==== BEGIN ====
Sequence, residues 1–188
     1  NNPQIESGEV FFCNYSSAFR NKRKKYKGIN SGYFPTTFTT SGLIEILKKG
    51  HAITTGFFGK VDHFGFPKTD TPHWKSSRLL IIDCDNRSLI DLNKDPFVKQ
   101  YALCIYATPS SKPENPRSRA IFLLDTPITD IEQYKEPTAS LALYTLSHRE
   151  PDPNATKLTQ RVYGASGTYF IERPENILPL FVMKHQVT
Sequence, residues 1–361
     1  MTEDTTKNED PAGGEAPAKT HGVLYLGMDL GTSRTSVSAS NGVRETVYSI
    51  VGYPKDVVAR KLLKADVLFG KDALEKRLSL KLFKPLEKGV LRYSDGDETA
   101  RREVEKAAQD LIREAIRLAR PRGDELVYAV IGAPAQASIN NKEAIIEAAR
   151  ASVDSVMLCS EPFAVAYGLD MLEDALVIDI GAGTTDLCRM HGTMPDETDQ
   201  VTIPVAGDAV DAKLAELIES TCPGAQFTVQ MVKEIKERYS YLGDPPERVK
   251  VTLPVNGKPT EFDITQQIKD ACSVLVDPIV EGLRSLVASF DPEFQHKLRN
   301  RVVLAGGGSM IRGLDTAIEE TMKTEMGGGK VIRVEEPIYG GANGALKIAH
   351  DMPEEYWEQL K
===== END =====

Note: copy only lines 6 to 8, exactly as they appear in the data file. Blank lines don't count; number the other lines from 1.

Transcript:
Sequence, residues 1–361
     1  MTEDTTKNED PAGGEAPAKT HGVLYLGMDL GTSRTSVSAS NGVRETVYSI
    51  VGYPKDVVAR KLLKADVLFG KDALEKRLSL KLFKPLEKGV LRYSDGDETA